Student-athlete gambling research suggests challenging future

In 1998, men's and women's basketball and football student-athletes from across the country provided a window into their gambling activities through a University of Michigan study conducted by friend and colleague Ann Vollano and myself (The extent and nature of gambling among college students, Cross and Vollano, 1998). 

Prior to the study, data about student-athlete gambling was essentially non-existent.  Our research garnered national media attention and prompted the NCAA to conduct its own studies which advanced this initial work.  Twenty years later, the 1998 research provides an insightful point of comparison with the NCAA's 2016 gambling study (Trends in NCAA student-athlete gambling behaviors and attitudes, 2017) and possible future trends. 

Positive trends

Specific types of gambling among male student-athletes have declined in nearly every case (except the purchase of lottery tickets.)

Type of Gambling Activity
Wagering on sports
37 %
24.3 %
Playing cards for money
39.1 %
22.9 %
Wagering in a casino
48.5 %
18.6 %
Dice games
18.5 %
7.7 %
Wagering on horses, dogs
13.5 %
6.3 %
Commercial Bingo
8.0 %
5.0 %
Lottery tickets
27.8 %
36.4 %

The percentage of male Division I student-athletes who gambled in the prior 12 months declined significantly as well, although half the population still wagers:

71 %
48 %

The trends above make sense - the lottery is more prevalent than it was 20 years ago with some jackpots exceeding $500 million.  The popularity of bingo, horse and dog racing as well as dice games has waned.  The poker boom has receded.  And the NCAA's long-standing educational efforts are having an impact on sports wagering. 

But not all of the news is positive. 

Neutral and Negative Trends 

Wagering activity below $50 was unchanged but the percentage of athletes making large wagers drifted upwards and internet gambling has grown exponentially.

Percentage who wagered less than $10
32.5 %
33.0 %

Percentage of male athletes who wagered more than $50
20 %
21 %

Percentage of males who wagered more than $500 at one time
1.5 %
4 %

Percentage of male student athletes who wagered via the internet
Less than 1 %
Approximately 33.0 %

Keep in mind, the most recent NCAA numbers are nearly 4 years old. Since 2016 sports wagering has become legal in many states with the number of internet-based tools and phone-based apps exploding.  The 2016 numbers most certainly under-report the activities of 2019 and it’s reasonable to expect the amounts wagered will increase due to the simplicity of wagering with a credit card. 

The Future

If you accept the premise that student-athlete wagering is correlated with societal gambling practices, college sports faces a daunting situation.  Consider the following trends that have emerged since 2016:
  • legalization of sports wagering, 
  • significant emergence of internet wagering options from legalization,
  • increased media coverage and commentary on sports wagering in light of legalization, including point spreads on college football games, over/under, etc.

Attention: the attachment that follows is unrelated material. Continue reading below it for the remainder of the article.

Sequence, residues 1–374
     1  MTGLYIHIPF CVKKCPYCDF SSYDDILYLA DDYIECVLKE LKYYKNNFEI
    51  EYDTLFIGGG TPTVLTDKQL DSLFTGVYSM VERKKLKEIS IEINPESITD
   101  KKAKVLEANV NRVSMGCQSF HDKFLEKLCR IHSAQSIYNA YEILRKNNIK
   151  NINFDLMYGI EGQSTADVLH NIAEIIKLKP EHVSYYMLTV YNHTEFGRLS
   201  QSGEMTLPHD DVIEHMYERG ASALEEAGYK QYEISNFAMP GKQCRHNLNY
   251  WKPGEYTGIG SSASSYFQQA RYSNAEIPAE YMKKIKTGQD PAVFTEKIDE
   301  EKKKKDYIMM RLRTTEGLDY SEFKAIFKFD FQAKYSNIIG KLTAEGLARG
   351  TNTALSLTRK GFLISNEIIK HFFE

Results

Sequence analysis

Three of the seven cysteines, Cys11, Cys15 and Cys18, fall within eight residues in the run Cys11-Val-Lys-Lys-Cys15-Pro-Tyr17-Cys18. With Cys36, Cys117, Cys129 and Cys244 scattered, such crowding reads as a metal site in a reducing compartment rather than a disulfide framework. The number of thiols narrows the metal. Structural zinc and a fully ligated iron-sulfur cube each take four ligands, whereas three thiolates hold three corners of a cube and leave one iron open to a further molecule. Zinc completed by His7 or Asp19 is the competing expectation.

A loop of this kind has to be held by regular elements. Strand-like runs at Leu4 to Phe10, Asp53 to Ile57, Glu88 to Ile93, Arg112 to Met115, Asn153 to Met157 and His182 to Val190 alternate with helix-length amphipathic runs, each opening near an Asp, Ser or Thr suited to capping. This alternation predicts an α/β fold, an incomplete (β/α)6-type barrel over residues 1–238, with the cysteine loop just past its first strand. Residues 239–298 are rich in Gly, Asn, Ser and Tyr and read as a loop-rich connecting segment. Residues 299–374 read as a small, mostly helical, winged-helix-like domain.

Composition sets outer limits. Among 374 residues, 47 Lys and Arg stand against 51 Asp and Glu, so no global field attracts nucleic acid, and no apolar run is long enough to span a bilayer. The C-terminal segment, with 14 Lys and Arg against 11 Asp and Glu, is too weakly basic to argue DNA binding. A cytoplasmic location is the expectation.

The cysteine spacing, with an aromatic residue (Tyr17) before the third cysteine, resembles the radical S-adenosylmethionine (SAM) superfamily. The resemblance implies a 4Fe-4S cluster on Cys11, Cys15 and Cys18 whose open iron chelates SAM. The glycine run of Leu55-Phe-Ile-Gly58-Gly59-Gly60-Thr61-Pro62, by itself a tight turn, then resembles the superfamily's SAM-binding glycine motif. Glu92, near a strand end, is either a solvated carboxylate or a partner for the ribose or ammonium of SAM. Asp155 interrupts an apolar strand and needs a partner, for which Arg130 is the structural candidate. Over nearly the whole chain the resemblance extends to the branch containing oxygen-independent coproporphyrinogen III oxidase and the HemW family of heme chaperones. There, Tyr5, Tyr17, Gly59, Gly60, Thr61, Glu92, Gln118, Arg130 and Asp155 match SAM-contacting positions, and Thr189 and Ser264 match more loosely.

• general societal acceptance of gambling, and
  • a tsunami of technology and data, which can be facilitated by artificial intelligence, makes the exploitation of information for wagering purposes both irresistible and fiscally prudent for those who choose to gamble. 

The potential for manipulation that impacts the integrity of contests is real.  For decades the NCAA has advocated a zero tolerance policy towards wagering on sports sponsored by the Association.  But with new opportunities for wagering emerging, it seems unlikely wagering on sports will decrease further when the rate of decline over the past 20 years has been less than 1% annually. 

Intercollegiate athletics leadership needs to utilize the same legislative and technology-based tools that are available to gamblers to eliminate avenues for possible contest manipulation.  Legal options through state houses and court houses will be important.  But the more fruitful approaches will be technology and policy based.   

Standardized data tracking and ownership at the conference level along with consistent injury reporting are easy first steps.  When everyone has the same information, insider intelligence that can be exploited for gambling is reduced.  Publicly available data should track team, student-athlete and referee performance.  There isn't agreement about this approach, but it's needed - secrecy in the information age doesn't work well.  Additionally, some institutions have already taken steps to limit faculty and staff gambling.  

Interesting policy questions will also emerge from the economic pressures facing higher education and college athletics.  The decreasing number of traditional-age college studentsa re-invigoration of trade occupations, an unwillingness of today’s families to assume large amounts of student loan debt and softening game attendance will rationalize gambling access in a manner similar to the expansion of alcohol sales at college sporting events.  Alcohol availability is a revenue opportunity wrapped in the language of  "enhanced fan experience" and "decreased incidents".  "Enhanced fan experience" and "reduced risk of contest manipulation" will provide similar linguistic justification for institutions to pursue the financial opportunities of legal wagering and associated businesses (e.g. sponsorship) despite its moral murkiness. 

How long will it take to get meaningful tools in place to protect contest integrity? Or for institutions to take a permissive approach regarding wagering?  I don't know the answer to either question, but if there is an over/under on the amount of time it will take to see either occur, I'll bet the over.


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